ARTICLE ANASLYSIS AND EVALUATION OF RESEACH ETHICS HLT 362
Article Analysis and Evaluation of Research Ethics
|Article Citation and Permalink (APA format)||Article 1 Ribeiro, I. L. A., Bellissimo-Rodrigues, W. T., Mussolin, M. G., Innocentini, L. M. A. R., Marangoni, A. T. D., Macedo, L. D., … & Bellissimo-Rodrigues, F. (2022). Impact of a dental care intervention on the hospital mortality of critically ill patients admitted to intensive care units: A quasi-experimental study. American Journal of Infection Control. Permalink: https://doi.org/10.1016/j.ajic.2022.01.022|
|Broad Topic Area/Title||The Impact of a dental care intervention on the hospital mortality of critically ill patients admitted to intensive care units.|
|Problem Statement (What is the problem research is addressing?)||The research is addressing the problem of dental hygiene among critically ill patients in the intensive care units. There is a growing body of evidence indicating that dental care is an important consideration for critically ill patients in the intensive care unit (ICU). A number of studies have demonstrated that poor oral hygiene can lead to a number of serious health complications, including nosocomial infections, pneumonia, and ventilator-associated respiratory tract infections. Furthermore, several studies have shown that dental care can improve patient outcomes, including reducing ICU length of stay and hospital costs. Given the growing body of evidence supporting the importance of dental care for critically ill patients in the ICU, it is surprising that this type of care is often overlooked or considered unimportant by many healthcare providers.|
|Purpose Statement (What is the purpose of the study?)||The aim of the study is to assess the effect of dental care on the risk of mortality and ventilator-associated pneumonia in critically ill patients (VAP).|
|Research Questions (What questions does the research seek to answer?)||Does poor oral health considered a risk factor among critically-ill patients in the intensive care units?Does that practice of adding dentist to the intensive care teams prevent respiratory tract infections among patients?Does the provision of dental care to the critically-ill patients reduce their risk of death?|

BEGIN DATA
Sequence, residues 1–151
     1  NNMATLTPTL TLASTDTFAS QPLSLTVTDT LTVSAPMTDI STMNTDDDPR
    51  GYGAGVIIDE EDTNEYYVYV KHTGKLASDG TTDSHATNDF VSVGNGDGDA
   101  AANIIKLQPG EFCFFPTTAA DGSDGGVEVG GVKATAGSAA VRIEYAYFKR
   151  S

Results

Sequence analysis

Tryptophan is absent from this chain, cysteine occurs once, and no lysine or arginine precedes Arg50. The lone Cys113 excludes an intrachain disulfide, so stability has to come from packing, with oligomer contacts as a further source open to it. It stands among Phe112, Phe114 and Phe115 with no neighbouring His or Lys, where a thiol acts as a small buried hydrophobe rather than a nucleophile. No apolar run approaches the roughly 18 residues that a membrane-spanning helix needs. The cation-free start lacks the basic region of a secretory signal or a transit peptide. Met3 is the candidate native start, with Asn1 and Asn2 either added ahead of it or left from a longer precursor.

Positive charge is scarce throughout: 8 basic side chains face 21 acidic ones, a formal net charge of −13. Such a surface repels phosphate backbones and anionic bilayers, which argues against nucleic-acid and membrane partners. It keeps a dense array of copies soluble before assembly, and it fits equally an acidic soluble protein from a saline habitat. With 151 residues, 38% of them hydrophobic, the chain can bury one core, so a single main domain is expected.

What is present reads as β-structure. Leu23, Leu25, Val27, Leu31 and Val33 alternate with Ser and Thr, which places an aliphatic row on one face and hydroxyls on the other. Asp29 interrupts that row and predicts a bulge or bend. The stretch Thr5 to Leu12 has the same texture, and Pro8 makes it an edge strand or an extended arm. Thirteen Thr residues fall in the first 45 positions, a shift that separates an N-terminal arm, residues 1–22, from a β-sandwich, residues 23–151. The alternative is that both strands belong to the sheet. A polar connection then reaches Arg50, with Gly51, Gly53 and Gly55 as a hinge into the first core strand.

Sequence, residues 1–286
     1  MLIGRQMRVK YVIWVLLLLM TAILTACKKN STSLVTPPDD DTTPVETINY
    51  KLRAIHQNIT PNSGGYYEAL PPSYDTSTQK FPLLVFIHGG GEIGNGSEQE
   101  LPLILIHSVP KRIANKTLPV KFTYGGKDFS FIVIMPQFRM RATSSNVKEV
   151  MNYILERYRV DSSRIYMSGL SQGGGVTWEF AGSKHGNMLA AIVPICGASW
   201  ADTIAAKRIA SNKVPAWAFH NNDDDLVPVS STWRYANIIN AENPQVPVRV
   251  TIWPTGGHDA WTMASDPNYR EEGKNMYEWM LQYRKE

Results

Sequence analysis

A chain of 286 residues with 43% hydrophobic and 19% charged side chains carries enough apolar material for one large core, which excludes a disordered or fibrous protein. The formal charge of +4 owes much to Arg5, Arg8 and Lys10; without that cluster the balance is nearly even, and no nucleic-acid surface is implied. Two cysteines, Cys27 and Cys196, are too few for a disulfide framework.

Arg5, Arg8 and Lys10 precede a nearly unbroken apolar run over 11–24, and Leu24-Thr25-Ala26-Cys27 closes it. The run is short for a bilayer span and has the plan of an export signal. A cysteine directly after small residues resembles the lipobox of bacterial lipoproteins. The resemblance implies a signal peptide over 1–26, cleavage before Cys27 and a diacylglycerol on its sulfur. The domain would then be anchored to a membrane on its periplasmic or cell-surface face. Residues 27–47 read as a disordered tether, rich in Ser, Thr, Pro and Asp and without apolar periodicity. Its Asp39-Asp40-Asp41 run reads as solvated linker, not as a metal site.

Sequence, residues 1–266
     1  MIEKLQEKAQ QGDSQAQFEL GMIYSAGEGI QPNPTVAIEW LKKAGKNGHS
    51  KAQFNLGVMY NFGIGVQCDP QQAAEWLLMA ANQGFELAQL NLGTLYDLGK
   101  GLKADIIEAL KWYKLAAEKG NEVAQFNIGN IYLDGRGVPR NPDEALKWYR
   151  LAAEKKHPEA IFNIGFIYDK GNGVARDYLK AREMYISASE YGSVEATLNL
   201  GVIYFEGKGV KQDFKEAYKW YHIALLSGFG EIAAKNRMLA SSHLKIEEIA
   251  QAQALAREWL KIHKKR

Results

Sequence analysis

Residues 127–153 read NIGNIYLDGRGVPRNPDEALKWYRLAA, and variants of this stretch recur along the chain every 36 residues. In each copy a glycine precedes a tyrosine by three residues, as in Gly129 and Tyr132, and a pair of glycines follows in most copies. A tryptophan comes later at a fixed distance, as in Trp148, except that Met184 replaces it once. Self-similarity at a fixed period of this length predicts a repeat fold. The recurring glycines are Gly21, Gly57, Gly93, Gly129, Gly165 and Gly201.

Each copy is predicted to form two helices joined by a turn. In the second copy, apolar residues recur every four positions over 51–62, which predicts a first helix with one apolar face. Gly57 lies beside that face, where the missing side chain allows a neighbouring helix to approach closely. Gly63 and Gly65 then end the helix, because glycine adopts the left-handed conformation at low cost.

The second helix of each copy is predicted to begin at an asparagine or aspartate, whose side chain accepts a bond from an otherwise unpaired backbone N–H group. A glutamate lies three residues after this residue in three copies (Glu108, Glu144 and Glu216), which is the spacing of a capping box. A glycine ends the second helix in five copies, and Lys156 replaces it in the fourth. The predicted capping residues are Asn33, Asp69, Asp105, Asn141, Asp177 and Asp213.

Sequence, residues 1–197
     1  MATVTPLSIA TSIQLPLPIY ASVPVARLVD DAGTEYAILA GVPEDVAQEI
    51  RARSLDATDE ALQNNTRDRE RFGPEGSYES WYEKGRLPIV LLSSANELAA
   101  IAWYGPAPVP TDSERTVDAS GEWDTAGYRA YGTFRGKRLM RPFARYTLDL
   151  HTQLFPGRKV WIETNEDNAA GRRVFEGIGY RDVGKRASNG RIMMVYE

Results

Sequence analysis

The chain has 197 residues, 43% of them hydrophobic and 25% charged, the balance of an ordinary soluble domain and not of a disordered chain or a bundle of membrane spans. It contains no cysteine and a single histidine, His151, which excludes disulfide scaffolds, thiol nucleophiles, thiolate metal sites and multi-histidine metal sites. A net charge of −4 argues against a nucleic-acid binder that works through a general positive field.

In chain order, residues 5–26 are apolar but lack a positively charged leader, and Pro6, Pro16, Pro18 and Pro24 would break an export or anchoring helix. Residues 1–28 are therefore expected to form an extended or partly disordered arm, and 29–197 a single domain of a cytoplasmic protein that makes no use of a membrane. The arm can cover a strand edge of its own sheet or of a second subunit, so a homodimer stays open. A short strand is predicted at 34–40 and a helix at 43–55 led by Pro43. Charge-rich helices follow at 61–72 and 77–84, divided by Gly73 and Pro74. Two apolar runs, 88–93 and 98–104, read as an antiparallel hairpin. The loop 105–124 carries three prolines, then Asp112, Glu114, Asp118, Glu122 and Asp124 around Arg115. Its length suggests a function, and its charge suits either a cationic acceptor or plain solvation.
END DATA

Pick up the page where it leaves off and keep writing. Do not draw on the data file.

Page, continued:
|Define Hypothesis (Or state the correct hypothesis based upon variables used)||Null Hypothesis: There is no significant impact of dental care intervention on the hospital mortality for critically ill patients admitted to intensive care units. Alternative Hypothesis: There is significant impact of dental care intervention on the hospital mortality for critically ill patients admitted to intensive care units.|
|Identify Dependent and Independent Variables and Type of Data for the Variables||Dependent variables Rates of dental care interventions (continuous data) Independent variable Rates of mortality (continuous data)|
|Population of Interest for Study||Critically ill patients in the intensive care units|
|Sample||The sample size for the study was 355. In other words, 355 patients were identified from the intensive care units.|
|Sampling Method||Simple random sampling|
|Identify Data Collection Identify how data were collected||The data was derived from 5,147 dental procedures that were performed among the patients in the intensive care units. The recorded data was then analyzed.|
|Summarize Data Collection Approach||The study’s data was collected from 5,147 dental procedures performed in the critical care unit for two hospitals. After each procedure, the rate of mortality was recorded. The data collection was done between 2016 and 2019. The procedure was repeated for the sample population that was identified.|
|Discuss Data Analysis Include what types of statistical tests were used for the variables.||The process of data analysis involved descriptive statistics to show the attributes of data and to determine the best inferential statistics to use. Researchers also employed time-series analysis: The time series indicated that ICU mortality were 36.11%, 32.71%, and 32.30% three years before interventions and 28.71% during and after the interventions. Autoregressive integrated moving average was mostly used in the process of data analysis.|
|Summarize Results of Study||The study found that critically ill patients who received a dental care intervention had a significantly reduced hospital mortality rate as compared to those who did not receive the intervention. The authors suggest that providing dental care to critically ill patients may be an important way to reduce their risk of death.A dental care intervention focused on oral cleanliness and periodontal therapy delivered to critically sick patients on a regular basis by dentists may reduce their chance of dying in the ICU.|